Because of my background, I knew that foster children have educational rights under California state law AB490. This piece of legislation states that foster youth must have access to the same education resources as their peers, and that school personnel, care takers, & court advocates must work together to meet the educational needs of youth in the system. I immediately let the school counselor know that Mary had entered foster care so she could begin receiving support from them right away. With a little digging, I reached out to Mary’s social worker and foster parents. The foster parents worried that they would not be able to get her to and from school easily, so I arranged before school care at the school and the funding to participate. Mary’s foster parents declined this, but agreed to keep Mary at her school. She was now arriving much too early every day. Happily, this allowed Mary to join me each morning as I sat at my desk and worked. During this time, she would tell me everything that is going on in her life, including sharing her pain of the past year and talking about the neglect she endured as a toddler.
As the school year went on, I watched Mary start having problems with her schoolwork and get into verbal confrontations with other students. She was very angry and not the same girl she was at the beginning of the year. During one of our morning talks she told me that she was tired of taking care of her siblings and she did not have time to do anything she likes.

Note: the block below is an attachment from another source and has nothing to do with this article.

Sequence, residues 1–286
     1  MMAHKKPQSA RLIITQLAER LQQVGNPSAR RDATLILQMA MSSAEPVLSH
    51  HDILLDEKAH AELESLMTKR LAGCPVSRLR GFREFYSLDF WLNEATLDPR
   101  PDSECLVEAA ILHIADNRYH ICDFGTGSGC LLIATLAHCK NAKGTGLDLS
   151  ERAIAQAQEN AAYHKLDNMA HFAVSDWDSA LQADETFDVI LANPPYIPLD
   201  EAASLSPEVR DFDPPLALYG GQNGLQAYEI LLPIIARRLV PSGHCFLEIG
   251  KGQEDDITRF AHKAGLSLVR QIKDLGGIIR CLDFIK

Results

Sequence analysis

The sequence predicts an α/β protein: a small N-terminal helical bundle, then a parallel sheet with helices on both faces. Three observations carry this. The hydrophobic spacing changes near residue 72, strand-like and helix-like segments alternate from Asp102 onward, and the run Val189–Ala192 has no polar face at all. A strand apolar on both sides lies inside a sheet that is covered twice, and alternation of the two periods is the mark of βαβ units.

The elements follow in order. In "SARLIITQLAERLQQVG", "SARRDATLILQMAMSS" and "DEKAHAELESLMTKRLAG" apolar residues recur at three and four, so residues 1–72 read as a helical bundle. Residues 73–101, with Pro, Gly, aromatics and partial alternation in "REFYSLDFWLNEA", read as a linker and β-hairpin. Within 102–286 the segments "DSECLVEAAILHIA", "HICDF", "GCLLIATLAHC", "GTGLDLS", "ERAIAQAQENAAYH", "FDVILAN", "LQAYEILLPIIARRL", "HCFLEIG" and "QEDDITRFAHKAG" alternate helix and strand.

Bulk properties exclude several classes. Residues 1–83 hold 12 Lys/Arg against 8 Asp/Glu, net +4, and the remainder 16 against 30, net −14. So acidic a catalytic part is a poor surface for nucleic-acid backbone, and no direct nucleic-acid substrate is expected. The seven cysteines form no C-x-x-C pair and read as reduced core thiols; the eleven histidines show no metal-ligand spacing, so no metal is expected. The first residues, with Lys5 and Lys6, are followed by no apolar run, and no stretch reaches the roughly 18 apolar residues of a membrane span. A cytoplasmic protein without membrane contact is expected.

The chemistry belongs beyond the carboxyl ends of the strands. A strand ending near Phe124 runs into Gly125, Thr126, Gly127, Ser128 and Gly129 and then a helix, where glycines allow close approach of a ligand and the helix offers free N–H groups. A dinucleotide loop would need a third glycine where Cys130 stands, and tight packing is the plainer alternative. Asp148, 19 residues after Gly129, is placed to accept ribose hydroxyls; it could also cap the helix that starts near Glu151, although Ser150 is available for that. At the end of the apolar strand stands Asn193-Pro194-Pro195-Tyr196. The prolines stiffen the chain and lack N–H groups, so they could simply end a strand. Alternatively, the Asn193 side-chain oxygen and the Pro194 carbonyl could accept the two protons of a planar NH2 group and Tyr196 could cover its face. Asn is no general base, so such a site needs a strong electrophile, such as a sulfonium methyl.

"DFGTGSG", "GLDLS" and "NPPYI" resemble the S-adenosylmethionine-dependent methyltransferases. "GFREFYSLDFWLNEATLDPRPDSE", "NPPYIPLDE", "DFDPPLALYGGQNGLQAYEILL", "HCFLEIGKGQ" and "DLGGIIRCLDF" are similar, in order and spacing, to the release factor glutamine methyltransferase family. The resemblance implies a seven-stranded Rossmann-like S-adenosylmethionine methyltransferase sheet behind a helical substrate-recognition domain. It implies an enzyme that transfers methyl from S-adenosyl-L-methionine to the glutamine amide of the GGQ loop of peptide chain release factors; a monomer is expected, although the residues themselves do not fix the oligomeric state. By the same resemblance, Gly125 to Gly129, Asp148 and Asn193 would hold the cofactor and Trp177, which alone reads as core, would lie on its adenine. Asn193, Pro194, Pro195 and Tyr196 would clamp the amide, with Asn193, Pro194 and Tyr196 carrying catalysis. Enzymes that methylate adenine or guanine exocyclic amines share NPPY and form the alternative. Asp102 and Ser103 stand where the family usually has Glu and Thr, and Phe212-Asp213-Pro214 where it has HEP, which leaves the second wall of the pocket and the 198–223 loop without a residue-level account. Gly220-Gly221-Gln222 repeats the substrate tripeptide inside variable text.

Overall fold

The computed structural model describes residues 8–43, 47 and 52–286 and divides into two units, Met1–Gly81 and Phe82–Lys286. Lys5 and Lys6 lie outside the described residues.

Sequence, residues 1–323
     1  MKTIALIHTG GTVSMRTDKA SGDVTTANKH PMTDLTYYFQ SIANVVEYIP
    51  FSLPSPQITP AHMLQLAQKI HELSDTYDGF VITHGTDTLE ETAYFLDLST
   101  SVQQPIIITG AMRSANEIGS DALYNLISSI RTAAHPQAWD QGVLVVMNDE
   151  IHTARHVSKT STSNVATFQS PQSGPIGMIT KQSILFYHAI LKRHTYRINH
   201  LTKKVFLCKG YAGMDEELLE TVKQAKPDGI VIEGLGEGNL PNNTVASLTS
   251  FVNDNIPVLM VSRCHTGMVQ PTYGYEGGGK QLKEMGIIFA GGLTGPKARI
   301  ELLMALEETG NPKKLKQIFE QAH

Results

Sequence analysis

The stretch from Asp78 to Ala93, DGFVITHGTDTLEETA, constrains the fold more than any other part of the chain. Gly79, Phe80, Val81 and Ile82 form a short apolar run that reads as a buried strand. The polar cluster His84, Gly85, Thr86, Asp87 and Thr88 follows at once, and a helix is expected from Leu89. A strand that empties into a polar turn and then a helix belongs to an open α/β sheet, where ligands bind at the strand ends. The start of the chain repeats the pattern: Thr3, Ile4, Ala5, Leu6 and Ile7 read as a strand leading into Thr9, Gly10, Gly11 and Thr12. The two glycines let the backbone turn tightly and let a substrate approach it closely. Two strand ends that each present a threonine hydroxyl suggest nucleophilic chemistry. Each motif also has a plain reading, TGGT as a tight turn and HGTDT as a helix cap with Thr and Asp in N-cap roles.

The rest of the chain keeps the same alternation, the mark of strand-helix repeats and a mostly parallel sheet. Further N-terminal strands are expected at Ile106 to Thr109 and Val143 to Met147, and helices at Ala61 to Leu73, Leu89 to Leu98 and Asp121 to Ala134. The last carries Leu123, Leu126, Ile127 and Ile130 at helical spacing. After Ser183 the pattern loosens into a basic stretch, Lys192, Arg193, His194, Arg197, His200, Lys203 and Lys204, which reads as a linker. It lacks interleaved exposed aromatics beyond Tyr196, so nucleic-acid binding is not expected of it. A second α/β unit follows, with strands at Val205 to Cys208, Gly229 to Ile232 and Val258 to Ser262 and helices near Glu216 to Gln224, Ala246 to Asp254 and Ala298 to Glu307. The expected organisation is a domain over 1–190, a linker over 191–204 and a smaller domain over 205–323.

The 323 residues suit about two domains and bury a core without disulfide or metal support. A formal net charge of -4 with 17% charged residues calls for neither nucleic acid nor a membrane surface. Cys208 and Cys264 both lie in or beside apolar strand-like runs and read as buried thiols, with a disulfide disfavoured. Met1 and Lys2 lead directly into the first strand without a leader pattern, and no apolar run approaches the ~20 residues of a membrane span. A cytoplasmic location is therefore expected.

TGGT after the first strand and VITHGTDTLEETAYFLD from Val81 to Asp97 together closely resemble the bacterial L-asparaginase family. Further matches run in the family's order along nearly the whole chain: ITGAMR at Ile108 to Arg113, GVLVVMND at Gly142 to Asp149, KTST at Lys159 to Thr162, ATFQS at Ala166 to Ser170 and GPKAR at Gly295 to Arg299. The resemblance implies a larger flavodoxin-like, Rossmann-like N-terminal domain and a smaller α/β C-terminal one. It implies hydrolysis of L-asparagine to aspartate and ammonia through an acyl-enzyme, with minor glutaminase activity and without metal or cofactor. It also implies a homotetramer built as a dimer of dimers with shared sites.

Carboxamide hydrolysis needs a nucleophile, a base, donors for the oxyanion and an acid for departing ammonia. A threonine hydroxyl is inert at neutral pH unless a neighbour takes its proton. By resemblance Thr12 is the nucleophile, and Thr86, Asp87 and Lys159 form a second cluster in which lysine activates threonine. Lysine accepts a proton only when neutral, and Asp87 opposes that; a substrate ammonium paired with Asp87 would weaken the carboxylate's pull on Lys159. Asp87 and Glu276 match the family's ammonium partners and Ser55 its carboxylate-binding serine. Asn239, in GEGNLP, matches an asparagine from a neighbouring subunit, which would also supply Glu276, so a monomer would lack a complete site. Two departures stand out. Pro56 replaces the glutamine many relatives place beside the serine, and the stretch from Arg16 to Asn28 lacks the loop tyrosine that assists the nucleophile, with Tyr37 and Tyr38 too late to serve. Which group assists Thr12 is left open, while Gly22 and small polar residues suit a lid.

I filled our school counselor in on what was happening, and felt that Mary needed someone in addition to me advocating for her. I have several friends who are Court Appointed Special Advocates (CASA) and knew it was time to get someone for Mary. A CASA is a volunteer who advocates for a child’s needs in both the courtroom and in the community. They are dedicated to seeking out the best interest of children who have been abused or neglected, and are often the only stable adult relationship in a foster child’s life. I contacted CASA of Sacramento County and fill out the paperwork. Within a month, I received a letter letting me know that Mary had been assigned a CASA. Mary meets with her CASA once a week to talk and do fun activities. This seems to be helping her spirits.